[I was telling this story to an SLA parent this week as we talked about teenage drug use and how to deal with it. She said, "That would make an amazing post for your blog." So here it is.]
In my high school and college years, I had a "live and let live" attitude toward pot. I knew kids who smoked with their parents. I knew students at Penn who got busted over summer break, and aside from some community service hours, it didn’t seem like a big deal. And I knew a kid at the "stoner" frat who was a 3.8 Pre-Med major – a GPA much higher than my goody-two-shoes English major could muster. I also knew the most talented writer in my high school had dropped out of college because he had apparently spent much of the first year of college high, and I knew that some of my friends were not as coherent as they used to be, but mostly, the kids I knew who were using drugs kept it together. It seemed to me to be a personal choice that people made, and I didn’t think much of it one way or another.
In my own life, I was raised with my father’s voice always in my head with the phrase, "If you can’t do the time, don’t do the crime," and that was a powerful deterrent for me. Also, I had (and have) a healthy fear about drugs in general, mostly because I always thought I would have been "that guy" – the Len Bias story petrified me, for example. I was convinced (and still sort of am) that I’d be the kid who would have wrecked his brain the first time he ever did anything dangerous with drugs… and I kind of like my brain. But those were personal choices… I didn’t really think about it much beyond that.
Then I student-taught at A. P. Randolph in Harlem.
I student-taught an 11th grade English class that was over 95% black and Hispanic, and today, the school is 75% free or reduced lunch, and I’d imagine it was roughly similar then. I loved teaching that class… and it was one of those student-teaching experiences where the cooperating teacher was more than happy to have an extra prep period, so I had the chance to really teach the kids.
Juan was a student in that class who lived in Spanish Harlem. He didn’t get along with the cooperating teacher at all, but he and I got along. He was a really good writer, and I really liked working with him. Then one Monday morning, he wasn’t in school and his classmates told me that he got caught with marijuana on him by the police. He was out for a couple of days, and when he came back, he and I had a long talk. He was distraught that his chances for college were over. I told him that he would be o.k.. I was thinking about all the kids I knew in high school and college who were generally unaffected when they got caught with drugs, but later, when I talked to a teacher at the school who I really respected, she confirmed for Juan – first generation college, minority, poor – she was afraid it would really affect his college process. I was naive enough back then to be surprised by that.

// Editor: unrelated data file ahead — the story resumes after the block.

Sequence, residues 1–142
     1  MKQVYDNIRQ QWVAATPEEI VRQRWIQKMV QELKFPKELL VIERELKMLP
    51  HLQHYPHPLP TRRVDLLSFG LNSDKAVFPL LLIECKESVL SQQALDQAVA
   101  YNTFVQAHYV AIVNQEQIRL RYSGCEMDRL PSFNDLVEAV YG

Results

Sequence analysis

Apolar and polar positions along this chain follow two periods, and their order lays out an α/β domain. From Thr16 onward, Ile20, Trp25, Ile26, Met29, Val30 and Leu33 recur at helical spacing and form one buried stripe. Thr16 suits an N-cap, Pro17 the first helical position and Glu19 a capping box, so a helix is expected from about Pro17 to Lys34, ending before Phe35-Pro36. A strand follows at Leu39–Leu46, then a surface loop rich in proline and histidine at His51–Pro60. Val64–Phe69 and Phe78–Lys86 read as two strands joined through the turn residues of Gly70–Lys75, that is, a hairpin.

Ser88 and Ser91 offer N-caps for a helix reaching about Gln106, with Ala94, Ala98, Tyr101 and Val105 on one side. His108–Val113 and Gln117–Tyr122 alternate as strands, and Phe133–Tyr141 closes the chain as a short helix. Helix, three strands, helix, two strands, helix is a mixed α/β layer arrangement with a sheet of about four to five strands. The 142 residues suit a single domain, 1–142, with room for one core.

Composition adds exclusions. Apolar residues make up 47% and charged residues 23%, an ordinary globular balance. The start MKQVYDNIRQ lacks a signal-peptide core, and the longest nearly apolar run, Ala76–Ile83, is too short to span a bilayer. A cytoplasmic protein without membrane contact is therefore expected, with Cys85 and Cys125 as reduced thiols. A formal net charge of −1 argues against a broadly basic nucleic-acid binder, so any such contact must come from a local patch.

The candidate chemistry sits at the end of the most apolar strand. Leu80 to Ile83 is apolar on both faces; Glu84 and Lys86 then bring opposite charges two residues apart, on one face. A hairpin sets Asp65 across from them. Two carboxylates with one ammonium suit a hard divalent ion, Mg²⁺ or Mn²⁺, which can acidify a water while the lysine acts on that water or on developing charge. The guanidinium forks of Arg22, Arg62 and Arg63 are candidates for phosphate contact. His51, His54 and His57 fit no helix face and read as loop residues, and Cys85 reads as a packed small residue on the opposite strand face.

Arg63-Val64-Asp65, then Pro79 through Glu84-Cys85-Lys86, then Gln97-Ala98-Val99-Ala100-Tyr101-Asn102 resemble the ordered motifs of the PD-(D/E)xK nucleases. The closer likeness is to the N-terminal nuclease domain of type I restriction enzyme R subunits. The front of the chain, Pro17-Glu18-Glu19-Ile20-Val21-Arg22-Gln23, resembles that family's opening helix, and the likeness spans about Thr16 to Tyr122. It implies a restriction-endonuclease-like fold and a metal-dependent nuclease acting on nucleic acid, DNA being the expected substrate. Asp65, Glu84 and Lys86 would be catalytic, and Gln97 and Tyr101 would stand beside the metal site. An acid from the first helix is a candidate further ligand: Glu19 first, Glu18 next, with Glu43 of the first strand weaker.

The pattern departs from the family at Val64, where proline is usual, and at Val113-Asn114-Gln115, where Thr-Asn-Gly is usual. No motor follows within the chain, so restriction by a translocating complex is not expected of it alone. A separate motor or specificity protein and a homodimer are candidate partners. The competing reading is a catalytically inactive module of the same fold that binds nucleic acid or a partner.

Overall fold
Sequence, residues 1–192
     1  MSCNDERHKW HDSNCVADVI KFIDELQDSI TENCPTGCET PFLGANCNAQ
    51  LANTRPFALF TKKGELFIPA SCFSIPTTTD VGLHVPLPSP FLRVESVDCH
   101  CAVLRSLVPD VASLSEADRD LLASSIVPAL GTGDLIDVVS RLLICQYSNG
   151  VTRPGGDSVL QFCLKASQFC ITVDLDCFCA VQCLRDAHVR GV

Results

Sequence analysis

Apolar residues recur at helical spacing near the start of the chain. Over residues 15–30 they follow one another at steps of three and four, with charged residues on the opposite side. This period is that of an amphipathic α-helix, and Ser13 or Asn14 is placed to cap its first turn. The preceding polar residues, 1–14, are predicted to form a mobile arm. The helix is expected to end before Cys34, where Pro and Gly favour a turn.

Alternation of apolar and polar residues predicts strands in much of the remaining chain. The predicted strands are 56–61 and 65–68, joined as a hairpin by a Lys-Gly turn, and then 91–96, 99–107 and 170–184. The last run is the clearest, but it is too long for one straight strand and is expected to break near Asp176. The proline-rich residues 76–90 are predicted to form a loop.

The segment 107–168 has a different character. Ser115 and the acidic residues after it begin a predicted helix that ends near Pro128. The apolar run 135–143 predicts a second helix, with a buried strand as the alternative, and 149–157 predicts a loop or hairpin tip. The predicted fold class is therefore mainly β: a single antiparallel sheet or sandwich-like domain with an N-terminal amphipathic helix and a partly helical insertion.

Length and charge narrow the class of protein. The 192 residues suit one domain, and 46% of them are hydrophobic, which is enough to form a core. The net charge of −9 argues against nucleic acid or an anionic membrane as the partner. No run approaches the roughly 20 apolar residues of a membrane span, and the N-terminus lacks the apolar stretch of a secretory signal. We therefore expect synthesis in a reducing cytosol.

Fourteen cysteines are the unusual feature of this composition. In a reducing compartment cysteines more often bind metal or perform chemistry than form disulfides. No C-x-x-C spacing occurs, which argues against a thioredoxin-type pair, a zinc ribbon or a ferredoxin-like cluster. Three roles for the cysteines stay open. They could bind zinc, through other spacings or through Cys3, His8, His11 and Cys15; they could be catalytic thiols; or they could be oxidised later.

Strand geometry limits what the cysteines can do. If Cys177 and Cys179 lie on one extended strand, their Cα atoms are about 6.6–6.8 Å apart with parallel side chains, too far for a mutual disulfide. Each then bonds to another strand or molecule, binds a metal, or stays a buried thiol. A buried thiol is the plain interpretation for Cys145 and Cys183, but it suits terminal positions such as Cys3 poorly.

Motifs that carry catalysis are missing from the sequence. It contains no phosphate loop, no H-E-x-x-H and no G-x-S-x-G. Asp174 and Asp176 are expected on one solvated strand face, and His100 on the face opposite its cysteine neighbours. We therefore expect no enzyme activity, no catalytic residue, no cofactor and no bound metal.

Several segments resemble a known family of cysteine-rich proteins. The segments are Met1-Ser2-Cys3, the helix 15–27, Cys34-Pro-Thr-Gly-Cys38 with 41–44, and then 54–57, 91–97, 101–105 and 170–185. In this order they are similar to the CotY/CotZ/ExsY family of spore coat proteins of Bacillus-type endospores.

That weekend, I was at a party that one of my grad school classmates hosted, and some of my pre-service teaching classmates at the party decided to pass around a joint. In that moment, I was truly horrified by what I saw. These were soon-to-be-teachers. Most of them spoke about wanting to teach in New York City. All of them in the room were white. I don’t think I’m wrong in my guess that several of them came from affluence and several others probably had similar middle-class backgrounds as me. And none of them seemed to see a problem with what they were doing.
I was struck powerfully by the inequity of the moment. I realized that the friends I had who had issues with drug use had a safety net that protected them when things went wrong – a safety net that my students in that classroom didn’t have. It was a safety net that Juan didn’t have. And I was revolted by the realization. I left the party, because I couldn’t even be in the room feeling what I felt. In time, I learned that what I was feeling was an understanding of white privilege and of class privilege – at the time, I didn’t have that language, but I knew what I saw was wrong.
Since that moment, I’ve been pretty powerfully anti-drug, not just for the reasons most teachers are – although after fifteen years in teaching, I’ve seen too many kids ruined by drugs but because of the inequity I see in the way society deals with teenage drug use – especially marijuana use. I’d love to run a visualization test on people and show a picture of a white student and then a black student, both with a joint in their hand, and ask them to react to the photos. I’m guessing we’d see very different responses from a lot of people.
I couldn’t – and can’t – live with seeing people take advantage of that unexamined privilege.
There are dozens of reasons for teachers to speak out against drug use. Too many of us have lost kids to drugs. And I hate what I’ve seen drugs do to kids, no matter what their demographics, but the biggest reason I have come to hate drug use is that it becomes one more racial and economic imbalance. Too many of my kids would not be able to overcome the obstacle of getting picked up for possession. And too many kids in wealthy, white suburbs would find it to be nothing more than an inconvenience. If that is not unpacked and explored by students, we will do harm to our students on two fronts. First, if we nod and wink about drug use, we may be setting a student up for consequences they are not prepared to deal with. And two, when we do not examine how certain behaviors highlight the race dynamics and social class structure, we will create barriers to honest and open communication and growth.
We shouldn’t be o.k. with that.